In "the clothes wash well" there is a syntactical link between 'clothes' and 'wash' - 'wash' happens to the clothes.Originally Posted by casiopea
In "the glass breaks easily" there is a syntactical link between 'glass' and 'breaks' - 'break' happens to the glass
In "the book reads well' there is no syntactical link between 'book' and 'reads' - reads doesn't happen to the book, it is performed by an actor. 'Read' requires an actor to be stated to form a coherent sentence.
'Read' needs understanding. That means you have to have a mind present to do the understanding. Read can only be an action, performed by a thinking subject. IMO, read can't be stative, or even stative-like - a view supported by Dowty tests - and shouldn't be used in a mediopassive voice.Originally Posted by casiopea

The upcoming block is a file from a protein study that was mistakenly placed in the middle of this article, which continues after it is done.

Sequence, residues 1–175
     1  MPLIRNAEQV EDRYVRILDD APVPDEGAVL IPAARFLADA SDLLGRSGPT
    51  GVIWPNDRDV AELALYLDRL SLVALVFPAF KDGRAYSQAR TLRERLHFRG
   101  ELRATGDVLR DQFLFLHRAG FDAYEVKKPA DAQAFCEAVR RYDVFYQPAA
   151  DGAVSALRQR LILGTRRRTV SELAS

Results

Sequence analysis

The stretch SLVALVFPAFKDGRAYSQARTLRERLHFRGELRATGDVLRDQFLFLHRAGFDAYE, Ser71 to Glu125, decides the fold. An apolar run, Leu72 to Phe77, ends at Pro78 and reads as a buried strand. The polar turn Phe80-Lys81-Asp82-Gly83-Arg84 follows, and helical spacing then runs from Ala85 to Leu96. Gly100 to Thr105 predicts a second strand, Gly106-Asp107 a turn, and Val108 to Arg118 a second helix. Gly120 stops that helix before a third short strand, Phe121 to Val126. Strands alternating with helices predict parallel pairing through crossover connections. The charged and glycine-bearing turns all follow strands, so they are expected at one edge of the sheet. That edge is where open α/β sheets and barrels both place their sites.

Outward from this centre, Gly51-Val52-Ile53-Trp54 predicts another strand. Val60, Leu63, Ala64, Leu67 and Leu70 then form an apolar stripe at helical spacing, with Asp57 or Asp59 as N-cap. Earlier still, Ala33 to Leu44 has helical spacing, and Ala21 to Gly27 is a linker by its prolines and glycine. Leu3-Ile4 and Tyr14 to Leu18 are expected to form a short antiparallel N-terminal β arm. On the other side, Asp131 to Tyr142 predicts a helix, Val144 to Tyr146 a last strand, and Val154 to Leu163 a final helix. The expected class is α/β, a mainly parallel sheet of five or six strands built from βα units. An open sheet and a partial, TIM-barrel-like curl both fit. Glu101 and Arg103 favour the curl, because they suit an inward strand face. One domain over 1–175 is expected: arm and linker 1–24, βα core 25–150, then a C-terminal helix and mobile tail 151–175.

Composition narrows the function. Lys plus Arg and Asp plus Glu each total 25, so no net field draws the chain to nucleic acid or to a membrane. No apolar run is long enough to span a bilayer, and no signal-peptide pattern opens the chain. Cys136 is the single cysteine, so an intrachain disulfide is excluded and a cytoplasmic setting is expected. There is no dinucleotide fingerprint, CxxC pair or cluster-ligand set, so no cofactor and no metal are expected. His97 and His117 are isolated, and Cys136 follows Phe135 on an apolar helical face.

'Wash' requires no understanding, no mind, no thinking subject. A mindless washing- machine can wash your clothes.
Washing is something that happens to your clothes, breaking is something that happens to window for example, but reading is not something that happens to a book - the book doesn't change - it is something done by the reader.
If you are wondering why this matters...
"What happened to my blue shirt?" -> "Its in the wash!" - 'wash' describes the situation the shirt is in: it has a stative field of reference.
"What happened to the glass?" -> "It broke!" - 'broke' describes the situation the glass is in: it has a stative field of reference.
"What happened to the book?" -> "It reads!" - nonsense: it has no stative foeld of reference.
"What happened to the book?" -> "its in the read!" - still nonsense: still no stative field of reference.